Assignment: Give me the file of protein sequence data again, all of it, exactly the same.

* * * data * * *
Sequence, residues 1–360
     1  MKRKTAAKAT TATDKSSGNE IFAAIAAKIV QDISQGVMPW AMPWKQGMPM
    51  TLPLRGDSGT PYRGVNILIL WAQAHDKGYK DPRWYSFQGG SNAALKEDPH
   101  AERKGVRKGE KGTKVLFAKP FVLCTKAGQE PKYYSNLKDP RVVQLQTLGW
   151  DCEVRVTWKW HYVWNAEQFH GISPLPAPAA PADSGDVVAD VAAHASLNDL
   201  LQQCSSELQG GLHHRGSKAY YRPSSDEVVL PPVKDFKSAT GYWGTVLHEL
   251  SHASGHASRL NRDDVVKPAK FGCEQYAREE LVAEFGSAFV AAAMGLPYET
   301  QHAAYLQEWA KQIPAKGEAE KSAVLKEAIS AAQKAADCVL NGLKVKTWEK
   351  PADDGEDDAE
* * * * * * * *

Sequence, residues 1–360
     1  MKRKTAAKAT TATDKSSGNE IFAAIAAKIV QDISQGVMPW AMPWKQGMPM
    51  TLPLRGDSGT PYRGVNILIL WAQAHDKGYK DPRWYSFQGG SNAALKEDPH
   101  AERKGVRKGE KGTKVLFAKP FVLCTKAGQE PKYYSNLKDP RVVQLQTLGW
   151  DCEVRVTWKW HYVWNAEQFH GISPLPAPAA PADSGDVVAD VAAHASLNDL
   201  LQQCSSELQG GLHHRGSKAY YRPSSDEVVL PPVKDFKSAT GYWGTVLHEL
   251  SHASGHASRL NRDDVVKPAK FGCEQYAREE LVAEFGSAFV AAAMGLPYET
   301  QHAAYLQEWA KQIPAKGEAE KSAVLKEAIS AAQKAADCVL NGLKVKTWEK
   351  PADDGEDDAE